A lot of people are thinking about changing their ZIP Code these days. If the zombie-resistant llama ranch in Idaho is beyond your price range, and you can’t bear to be outside the Blommer Chocolate sniff zone, then Fifield might have what you’re looking for.
Westerly is the name of the building that’s blown in to 740 North Aberdeen. The 11-story apartment building has just started leasing new units. You should be able to move in right about the time you discover that Facebook “friends” won’t help you move your Peloton.
The building is marketed for its location on the Milwaukee Avenue corridor, connecting Wicker Park and Bucktown to downtown Chicago. In morning commutes past, the area would be heady with the scent of beard conditioner as pasty outstate wannabe lumberjacks in knit caps and utilikilts on fixies zipped to jobs as chief morale officers, product synergy liaisons, and lead paradigm coordinators in progressive Loop-adjacent companies. Now that COVID-19 has taught them that “product interaction engineer” is not an essential job, it remains to be seen if all that money spent making Milwaukee Avenue bike-friendly was a good investment, or just another case of municipal trendchasing.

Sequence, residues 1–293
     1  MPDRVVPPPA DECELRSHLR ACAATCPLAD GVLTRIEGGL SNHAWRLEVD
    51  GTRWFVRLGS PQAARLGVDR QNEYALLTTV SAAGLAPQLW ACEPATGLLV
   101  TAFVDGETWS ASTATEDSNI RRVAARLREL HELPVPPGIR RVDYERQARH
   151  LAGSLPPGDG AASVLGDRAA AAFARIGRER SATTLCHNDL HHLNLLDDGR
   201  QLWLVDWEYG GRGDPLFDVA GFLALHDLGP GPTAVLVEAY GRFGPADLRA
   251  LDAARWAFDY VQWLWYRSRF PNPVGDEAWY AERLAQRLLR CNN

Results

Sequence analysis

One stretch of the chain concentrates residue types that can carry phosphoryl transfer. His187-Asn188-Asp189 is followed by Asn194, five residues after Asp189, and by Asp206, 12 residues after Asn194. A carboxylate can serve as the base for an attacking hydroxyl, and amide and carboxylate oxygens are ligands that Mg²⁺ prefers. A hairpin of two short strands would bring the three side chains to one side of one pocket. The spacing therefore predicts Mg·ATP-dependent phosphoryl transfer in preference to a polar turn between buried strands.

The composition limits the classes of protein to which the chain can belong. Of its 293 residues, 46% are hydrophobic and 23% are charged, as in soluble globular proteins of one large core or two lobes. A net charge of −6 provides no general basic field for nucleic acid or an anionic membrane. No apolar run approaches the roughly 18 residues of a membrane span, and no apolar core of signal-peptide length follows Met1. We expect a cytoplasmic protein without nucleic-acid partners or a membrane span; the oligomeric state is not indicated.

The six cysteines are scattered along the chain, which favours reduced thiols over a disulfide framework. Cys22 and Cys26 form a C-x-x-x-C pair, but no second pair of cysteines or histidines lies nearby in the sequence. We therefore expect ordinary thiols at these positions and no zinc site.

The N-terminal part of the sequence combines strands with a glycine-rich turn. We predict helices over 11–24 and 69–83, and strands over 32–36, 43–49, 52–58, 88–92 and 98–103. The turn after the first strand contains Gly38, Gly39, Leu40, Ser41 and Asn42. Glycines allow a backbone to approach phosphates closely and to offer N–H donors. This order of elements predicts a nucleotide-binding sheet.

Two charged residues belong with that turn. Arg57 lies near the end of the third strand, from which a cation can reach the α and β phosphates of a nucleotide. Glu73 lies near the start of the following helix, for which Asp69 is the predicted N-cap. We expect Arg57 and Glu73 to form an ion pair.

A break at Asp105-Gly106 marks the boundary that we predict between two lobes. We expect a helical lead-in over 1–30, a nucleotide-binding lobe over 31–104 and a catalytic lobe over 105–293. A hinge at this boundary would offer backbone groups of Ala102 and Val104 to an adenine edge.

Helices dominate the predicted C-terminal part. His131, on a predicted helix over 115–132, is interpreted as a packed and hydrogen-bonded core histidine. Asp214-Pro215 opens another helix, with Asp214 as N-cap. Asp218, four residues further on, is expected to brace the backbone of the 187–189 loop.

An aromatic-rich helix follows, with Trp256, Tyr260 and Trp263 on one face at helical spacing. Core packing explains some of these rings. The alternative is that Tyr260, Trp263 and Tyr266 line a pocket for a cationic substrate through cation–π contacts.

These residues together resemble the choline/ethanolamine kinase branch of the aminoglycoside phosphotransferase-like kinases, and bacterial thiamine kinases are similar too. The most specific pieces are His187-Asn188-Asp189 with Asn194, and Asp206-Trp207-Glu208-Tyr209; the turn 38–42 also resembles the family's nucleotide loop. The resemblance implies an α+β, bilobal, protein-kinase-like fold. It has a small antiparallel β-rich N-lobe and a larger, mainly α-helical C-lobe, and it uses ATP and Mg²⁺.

Still, the building designed by FitzGerald Associates does bring 188 new homes to an area that needs some residential development, and we hope will continue needing residential development in the future. Westerly also sports a bit of public art, which is always welcome.
In this case, it’s a work by Sentrock, the Phoenix muralist currently fighting the good fight against boring walls in Chicago. He’s done up the south facades of Westerly in a way that can be enjoyed not only by people who walk through the neighborhood, but by thousands of others who zip past on the Kennedy Expressway in their mechanical transport bubbles.
You may also remember this building as the one bringing a much-needed patch of green space to this slice of the city. Immediately adjacent is a new public park designed by Hitchcock Design Group that includes a dog run where your dog can run, and a seating area where you can be seated.
The building also features a bicycle repair space for residents (Yay!), and 80 automobile parking spaces (Boo!). It is currently offering virtual tours (Yay!), and also in-person tours (Eep!).